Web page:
Like a horrible car accident: out of morbid fascination you keep looking.
Several have managed to cultivate sympathy for fictional serial killers: Dexter murdered acquitted criminals, Grenouille was an autistic man who was hated from birth and hoped to finally be loved through the ultimate perfume, and love was also a driving force for Tom. Ripley. And then there are those characters who are just plain evil, but so fascinating that looking away is not an option: Hannibal Lecter, Patrick Bateman, and thanks to Swarm now also dr. Nasty and dangerous, but intriguing.
Dre has a crush on singer Ni’Jah and shares that passion with her roommate and best friend Marissa. Until Marissa commits suicide because her boyfriend cheated on her. Reason enough for Dre to make him her first victim. First, because she allows herself to be guided on her flight by the ‘swarm’ that people who criticize Ni’Jah share on social networks.
Swarm has a misleading first episode. That gives the impression that it is not a good series. Dre is a horrible main character that makes you wonder why you should watch him. He seems stupid, incompetent at everything and, of course, murderous. What comes of the second episode? This is not a serious drama, but a comedy as black as a moonless and starless night. And it arose in that framework Swarm itself as addictive viewing fodder.
Dre isn’t nearly as weak a talent as he initially appears, but more of a cunning chameleon. It’s a bit embarrassing that Dominique Fishback sometimes plays the main character of her so stupidly, because as an actress she is brilliant and, oddly enough, hilarious. His stoic look in response when others speak to him works perfectly.
Contrary to what each episode indicates at the beginning, this is not really a true story, comparable to the same statement at the beginning of Fargo. Although here a non-fictional base is used as a background: the ‘Beyhive’, a group of extreme fans of Beyoncé who make their way through online terror. There is a small role for Billie Eilish – which shows her potential as an actress – and she knows it too: her own fans of hers went crazy for her when she once didn’t show up on the red carpet like an emo vixen.
Far away in the background, because Swarm it brings Dre completely to the fore. Despite being just a bad person, he is not a flat character. Ni’Jah’s idolization of him is not solely due to music; Being a fan is his bond with Marissa with whom he was always discussing new music videos and singles. An attack on Ni’Jah is an attack on Marissa.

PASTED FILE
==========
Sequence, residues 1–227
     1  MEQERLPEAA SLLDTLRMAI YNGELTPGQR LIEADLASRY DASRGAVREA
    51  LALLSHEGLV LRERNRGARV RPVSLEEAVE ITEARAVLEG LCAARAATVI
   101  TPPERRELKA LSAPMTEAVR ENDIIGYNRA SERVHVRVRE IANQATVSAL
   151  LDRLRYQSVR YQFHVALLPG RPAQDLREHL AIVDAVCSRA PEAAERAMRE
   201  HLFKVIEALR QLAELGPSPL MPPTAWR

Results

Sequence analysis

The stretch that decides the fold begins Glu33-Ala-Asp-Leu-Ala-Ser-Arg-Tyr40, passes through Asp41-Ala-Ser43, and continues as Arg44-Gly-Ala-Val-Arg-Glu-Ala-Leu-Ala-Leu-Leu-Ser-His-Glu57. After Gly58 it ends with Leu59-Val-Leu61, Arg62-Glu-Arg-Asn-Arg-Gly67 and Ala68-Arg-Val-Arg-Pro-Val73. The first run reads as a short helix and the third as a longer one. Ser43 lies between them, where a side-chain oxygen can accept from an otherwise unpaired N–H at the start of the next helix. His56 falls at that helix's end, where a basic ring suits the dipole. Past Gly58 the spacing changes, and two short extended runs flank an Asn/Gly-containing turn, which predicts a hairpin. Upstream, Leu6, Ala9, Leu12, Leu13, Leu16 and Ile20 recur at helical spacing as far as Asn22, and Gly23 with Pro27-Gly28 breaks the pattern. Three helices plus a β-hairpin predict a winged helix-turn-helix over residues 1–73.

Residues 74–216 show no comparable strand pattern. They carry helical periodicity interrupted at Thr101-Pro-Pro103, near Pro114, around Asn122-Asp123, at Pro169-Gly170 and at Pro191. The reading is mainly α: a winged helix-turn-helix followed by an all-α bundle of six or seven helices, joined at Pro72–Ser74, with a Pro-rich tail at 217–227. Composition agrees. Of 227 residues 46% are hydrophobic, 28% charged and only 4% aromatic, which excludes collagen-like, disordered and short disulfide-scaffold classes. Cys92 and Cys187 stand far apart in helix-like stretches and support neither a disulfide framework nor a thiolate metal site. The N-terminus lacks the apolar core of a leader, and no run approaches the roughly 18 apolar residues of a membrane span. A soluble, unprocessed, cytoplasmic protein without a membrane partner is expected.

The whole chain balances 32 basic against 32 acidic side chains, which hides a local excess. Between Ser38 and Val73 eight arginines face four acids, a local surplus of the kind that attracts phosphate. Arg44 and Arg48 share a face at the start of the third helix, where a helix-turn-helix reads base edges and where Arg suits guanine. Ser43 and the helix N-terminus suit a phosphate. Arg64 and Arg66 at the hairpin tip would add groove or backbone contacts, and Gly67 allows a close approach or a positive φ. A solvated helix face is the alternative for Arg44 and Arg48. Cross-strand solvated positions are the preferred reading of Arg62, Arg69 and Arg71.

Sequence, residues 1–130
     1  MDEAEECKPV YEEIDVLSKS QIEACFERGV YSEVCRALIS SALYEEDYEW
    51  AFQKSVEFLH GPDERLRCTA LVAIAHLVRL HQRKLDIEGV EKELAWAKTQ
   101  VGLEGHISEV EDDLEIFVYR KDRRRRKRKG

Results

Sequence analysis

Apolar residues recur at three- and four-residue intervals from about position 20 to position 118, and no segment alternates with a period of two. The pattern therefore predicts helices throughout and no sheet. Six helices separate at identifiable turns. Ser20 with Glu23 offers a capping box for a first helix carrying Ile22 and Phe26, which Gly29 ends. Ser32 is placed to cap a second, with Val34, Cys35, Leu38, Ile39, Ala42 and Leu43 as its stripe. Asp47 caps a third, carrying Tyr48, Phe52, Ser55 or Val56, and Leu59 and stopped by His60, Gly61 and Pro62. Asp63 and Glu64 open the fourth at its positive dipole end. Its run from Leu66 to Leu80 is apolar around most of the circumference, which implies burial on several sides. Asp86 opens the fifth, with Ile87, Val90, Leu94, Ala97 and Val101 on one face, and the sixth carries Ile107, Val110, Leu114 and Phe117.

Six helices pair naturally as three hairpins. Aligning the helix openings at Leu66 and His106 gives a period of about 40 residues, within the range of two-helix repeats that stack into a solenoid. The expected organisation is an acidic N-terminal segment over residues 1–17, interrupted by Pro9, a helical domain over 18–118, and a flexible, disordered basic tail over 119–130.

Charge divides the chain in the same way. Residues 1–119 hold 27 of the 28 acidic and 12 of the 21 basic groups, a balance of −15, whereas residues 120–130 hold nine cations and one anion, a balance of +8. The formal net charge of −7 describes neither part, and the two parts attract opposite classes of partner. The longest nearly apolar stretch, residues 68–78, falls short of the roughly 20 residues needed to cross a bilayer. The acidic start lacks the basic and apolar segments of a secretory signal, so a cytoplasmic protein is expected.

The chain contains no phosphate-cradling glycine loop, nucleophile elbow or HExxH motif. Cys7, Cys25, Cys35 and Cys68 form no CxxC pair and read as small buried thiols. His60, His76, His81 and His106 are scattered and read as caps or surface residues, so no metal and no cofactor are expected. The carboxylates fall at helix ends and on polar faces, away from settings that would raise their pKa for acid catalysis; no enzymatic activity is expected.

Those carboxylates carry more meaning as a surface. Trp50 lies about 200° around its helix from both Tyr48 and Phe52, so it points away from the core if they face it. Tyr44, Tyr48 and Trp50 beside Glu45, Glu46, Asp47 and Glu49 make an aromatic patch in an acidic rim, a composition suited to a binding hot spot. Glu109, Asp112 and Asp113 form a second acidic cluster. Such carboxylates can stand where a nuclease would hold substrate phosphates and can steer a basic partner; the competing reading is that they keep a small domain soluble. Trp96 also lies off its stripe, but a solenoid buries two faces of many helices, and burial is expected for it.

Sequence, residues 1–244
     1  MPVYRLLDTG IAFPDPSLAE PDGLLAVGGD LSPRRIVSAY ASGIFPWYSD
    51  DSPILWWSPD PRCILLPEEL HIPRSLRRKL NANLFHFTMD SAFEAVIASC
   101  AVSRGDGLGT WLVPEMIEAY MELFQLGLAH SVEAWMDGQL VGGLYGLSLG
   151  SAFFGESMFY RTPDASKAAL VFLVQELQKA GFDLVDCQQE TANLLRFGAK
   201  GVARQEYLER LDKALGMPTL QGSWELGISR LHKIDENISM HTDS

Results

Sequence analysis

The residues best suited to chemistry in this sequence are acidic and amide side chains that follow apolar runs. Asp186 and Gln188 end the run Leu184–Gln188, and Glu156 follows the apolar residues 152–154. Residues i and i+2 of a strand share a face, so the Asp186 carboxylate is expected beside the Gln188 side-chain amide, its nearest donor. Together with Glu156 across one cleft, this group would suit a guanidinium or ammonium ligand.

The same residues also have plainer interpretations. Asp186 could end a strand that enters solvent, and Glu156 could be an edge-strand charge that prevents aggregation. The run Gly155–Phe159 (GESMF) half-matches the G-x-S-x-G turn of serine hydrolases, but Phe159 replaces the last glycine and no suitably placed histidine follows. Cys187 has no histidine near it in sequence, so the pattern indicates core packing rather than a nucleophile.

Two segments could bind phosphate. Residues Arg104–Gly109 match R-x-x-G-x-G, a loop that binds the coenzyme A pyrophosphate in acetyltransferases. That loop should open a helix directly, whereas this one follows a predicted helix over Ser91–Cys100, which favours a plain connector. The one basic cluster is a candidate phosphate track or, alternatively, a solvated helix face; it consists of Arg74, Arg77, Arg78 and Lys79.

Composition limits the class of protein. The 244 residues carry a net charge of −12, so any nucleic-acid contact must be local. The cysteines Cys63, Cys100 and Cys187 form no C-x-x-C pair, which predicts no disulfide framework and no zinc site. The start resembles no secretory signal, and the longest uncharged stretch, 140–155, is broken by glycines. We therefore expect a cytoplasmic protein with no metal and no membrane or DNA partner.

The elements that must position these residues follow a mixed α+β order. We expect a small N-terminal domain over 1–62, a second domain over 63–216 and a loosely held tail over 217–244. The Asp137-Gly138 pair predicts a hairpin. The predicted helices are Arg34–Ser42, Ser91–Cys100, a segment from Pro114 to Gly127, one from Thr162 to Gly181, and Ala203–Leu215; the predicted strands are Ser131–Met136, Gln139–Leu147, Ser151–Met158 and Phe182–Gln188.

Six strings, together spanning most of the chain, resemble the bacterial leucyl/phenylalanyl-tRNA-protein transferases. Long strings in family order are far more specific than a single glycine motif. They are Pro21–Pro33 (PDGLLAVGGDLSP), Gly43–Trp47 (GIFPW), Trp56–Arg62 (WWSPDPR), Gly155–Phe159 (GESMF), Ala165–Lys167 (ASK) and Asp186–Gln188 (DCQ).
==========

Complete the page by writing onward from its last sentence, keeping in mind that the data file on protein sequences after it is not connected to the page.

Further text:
It is not easy to put your finger where Swarm exactly about. It is a separate work, sometimes almost artistic. And therefore open to interpretation. An indispensable recurring point is that strangers lend Dre a helping hand time and time again. Since the second episode, there is always someone who does not realize that she is a murderer and offers support with good intentions.
Even in the sixth episode, where someone who knew Dre as a child stands up for her. That, by the way, is a standalone episode supposedly a crime documentary, following a detective who is the first to connect Dre’s victims. Good idea, but not well executed, first of all because the actress doesn’t play it naturally enough. On top of that, it’s kind of depressing, because it’s Dre’s destructive path that draws attention. A backstory doesn’t do that.
Is that the theme, “don’t always give someone the benefit of the doubt”? There’s a cool moment when Dre wants to get into an expensive gym but she’s not allowed in without ID and a white man comes to her rescue because he accuses the employee of discrimination. But meanwhile, he inadvertently turns out to be the racist one because he mistakes Dre for another black woman, and Dre just goes along with it, because that’s how she gets in, of course.
Swarm it is a separate work with an ambiguous ending that leaves it even more open to interpretation than the rest of the series. You can’t get pure satisfaction out of it, but it’s probably one of the few options that at least fits the unique, and highly unpredictable box. Swarm It’s a strange duck, but one you can’t take your eyes off.
Swarm can be seen in first video.